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What employers need to know about the tax bill

Some lesser known provisions in the new tax law have the potential to impact the workplace and employers’ practices.

One big change comes in the area of employee sexual harassment claims. Until now, employers who settled such claims could deduct the amount they paid the accuser from their taxable income, even if the settlement was to be kept confidential under a nondisclosure agreement. The tax bill eliminates this deduction. The idea behind this change is to discourage confidential settlements of sexual harassment claims. If employers settle these claims knowing that the public won’t find out about what happened and how much they paid, the feeling is that they won’t have much incentive to address the issue in the workplace. On the other hand, if they know they won’t be able to deduct the costs of these settlements, presumably they’ll be more likely to take a proactive approach to stopping such behavior in the first place.

It’s always been an employer’s responsibility to have good policies in place to address this issue, but it’s more important than ever with the new law, so it’s a good idea to talk to an employment lawyer and review your own policies to make sure you’re doing everything you can to prevent such misconduct.

Another big change is the new “paid leave credit.” Under the Family and Medical Leave Act, workers at companies of a certain size are entitled to 12 weeks of unpaid leave each year to deal with personal illness or take care of a sick family member. Under the new tax law, employers who offer paid leave instead can take a tax credit on a portion of the wages they pay to workers on leave as long as they’re paying these workers at least 50 percent of their normal wage. Obviously, the purpose is to encourage companies to offer paid family and medical leave without forcing them to do so. However, employers should note that this credit will only be available for two years before Congress takes another look at it.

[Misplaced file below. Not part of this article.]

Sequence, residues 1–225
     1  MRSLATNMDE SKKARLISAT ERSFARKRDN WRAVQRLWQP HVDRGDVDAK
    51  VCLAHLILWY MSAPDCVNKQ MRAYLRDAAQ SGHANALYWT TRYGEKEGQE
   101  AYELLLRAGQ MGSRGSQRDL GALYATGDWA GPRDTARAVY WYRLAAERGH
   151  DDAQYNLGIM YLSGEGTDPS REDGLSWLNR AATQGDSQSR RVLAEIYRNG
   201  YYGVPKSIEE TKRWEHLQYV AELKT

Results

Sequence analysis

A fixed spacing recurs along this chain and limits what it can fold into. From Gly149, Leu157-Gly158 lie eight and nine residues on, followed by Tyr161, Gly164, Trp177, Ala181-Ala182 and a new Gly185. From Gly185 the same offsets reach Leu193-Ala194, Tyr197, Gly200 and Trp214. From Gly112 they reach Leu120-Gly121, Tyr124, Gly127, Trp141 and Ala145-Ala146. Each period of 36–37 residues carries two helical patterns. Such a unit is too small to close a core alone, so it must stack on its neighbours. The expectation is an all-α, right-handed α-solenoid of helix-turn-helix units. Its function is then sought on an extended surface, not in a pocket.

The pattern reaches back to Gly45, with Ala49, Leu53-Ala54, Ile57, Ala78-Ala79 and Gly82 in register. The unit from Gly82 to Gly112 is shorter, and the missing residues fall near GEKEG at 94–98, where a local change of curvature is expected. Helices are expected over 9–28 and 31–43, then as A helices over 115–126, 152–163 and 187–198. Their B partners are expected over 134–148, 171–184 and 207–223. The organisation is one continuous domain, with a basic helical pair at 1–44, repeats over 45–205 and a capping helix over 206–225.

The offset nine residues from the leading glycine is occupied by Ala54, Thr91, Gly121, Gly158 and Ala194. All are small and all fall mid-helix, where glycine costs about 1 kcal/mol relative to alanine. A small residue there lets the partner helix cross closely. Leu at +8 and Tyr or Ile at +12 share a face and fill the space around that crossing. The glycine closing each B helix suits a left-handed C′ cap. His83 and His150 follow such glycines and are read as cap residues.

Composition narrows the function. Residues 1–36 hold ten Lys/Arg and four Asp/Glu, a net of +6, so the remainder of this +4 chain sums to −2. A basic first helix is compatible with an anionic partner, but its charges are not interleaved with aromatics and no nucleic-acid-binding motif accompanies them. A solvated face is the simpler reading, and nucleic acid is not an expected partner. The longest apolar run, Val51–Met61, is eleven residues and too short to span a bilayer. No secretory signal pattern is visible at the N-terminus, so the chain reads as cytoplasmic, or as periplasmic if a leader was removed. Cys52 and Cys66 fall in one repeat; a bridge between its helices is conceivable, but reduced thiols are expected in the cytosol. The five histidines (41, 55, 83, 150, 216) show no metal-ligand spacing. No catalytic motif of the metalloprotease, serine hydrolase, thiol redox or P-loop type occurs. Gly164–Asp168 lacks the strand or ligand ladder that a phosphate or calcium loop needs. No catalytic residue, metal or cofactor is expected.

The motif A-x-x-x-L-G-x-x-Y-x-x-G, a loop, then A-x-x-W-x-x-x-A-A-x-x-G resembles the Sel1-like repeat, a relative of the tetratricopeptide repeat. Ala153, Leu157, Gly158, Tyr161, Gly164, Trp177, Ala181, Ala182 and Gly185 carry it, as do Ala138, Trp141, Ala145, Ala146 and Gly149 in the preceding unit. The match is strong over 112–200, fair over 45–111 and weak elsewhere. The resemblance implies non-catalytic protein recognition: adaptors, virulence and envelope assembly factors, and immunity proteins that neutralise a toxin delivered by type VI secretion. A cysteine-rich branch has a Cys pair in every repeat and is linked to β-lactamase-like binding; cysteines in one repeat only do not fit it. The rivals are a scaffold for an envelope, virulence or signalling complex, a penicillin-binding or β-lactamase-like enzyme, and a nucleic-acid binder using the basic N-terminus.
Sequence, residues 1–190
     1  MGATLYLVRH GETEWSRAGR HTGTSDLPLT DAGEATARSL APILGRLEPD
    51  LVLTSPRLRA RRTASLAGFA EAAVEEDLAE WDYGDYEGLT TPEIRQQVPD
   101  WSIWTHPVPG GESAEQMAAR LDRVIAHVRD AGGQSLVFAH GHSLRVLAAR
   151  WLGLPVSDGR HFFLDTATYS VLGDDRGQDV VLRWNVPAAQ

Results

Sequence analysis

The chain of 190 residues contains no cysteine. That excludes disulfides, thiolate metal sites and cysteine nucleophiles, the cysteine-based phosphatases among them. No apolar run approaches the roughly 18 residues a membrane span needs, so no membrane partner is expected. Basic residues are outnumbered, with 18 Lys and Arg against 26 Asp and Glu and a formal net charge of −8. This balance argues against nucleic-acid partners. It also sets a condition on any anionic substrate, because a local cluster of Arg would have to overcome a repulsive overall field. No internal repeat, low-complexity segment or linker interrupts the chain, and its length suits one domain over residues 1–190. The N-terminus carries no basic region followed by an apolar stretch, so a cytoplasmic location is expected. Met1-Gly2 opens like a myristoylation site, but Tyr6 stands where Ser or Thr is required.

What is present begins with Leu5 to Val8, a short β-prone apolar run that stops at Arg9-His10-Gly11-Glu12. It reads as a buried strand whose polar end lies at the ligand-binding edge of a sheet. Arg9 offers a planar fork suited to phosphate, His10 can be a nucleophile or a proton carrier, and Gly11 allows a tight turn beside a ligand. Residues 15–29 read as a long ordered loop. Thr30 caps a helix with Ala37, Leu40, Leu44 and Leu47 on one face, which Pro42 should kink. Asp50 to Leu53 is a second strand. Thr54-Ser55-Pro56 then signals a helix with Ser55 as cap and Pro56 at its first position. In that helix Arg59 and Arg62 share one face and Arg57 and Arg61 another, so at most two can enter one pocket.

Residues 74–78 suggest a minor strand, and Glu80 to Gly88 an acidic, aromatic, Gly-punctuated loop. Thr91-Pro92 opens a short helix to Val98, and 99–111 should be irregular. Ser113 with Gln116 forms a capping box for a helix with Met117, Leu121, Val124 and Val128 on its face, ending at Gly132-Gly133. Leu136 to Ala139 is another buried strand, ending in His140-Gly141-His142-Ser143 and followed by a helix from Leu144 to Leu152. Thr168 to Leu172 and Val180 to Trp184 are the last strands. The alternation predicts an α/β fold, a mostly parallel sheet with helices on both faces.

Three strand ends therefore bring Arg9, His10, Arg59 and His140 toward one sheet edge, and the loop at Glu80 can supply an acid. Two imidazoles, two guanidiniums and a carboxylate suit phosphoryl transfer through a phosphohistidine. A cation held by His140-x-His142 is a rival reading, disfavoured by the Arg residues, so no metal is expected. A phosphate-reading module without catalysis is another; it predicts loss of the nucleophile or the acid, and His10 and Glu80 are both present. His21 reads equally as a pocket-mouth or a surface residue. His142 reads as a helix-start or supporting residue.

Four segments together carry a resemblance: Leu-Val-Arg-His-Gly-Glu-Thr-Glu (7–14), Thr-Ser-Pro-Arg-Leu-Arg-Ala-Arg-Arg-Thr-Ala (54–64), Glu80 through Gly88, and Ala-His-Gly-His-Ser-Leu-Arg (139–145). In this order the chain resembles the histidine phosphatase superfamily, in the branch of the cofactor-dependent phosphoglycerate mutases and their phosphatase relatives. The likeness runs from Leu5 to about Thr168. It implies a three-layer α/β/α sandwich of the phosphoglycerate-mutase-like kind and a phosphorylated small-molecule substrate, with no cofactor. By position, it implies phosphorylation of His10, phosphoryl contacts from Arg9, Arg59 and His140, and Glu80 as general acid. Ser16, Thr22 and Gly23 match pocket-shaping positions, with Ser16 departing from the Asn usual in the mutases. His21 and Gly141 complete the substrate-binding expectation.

A third major change is the elimination of the deduction employers have been taking for subsidizing their workers’ commuting costs. Before the new law, companies could provide parking and transit passes of up to $225 per month for their employees and then deduct these costs from their corporate taxes. But that’s no longer true. The logic behind this change is that many employers are getting a big corporate tax cut so they no longer need smaller individual deductions like this that make the Internal Revenue Code more confusing.

Employers that have been taking the deduction on employee commuting costs may now decide not to cover these costs anymore, leaving it up to employees — who can pay for commuting costs with pre-tax income — to cover these expenses themselves. That could lead to employees wanted more pay to replace this lost benefit.

This is all just the tip of the iceberg. Other provisions could potentially impact employer operations too. Talk to an attorney where you live to learn more.


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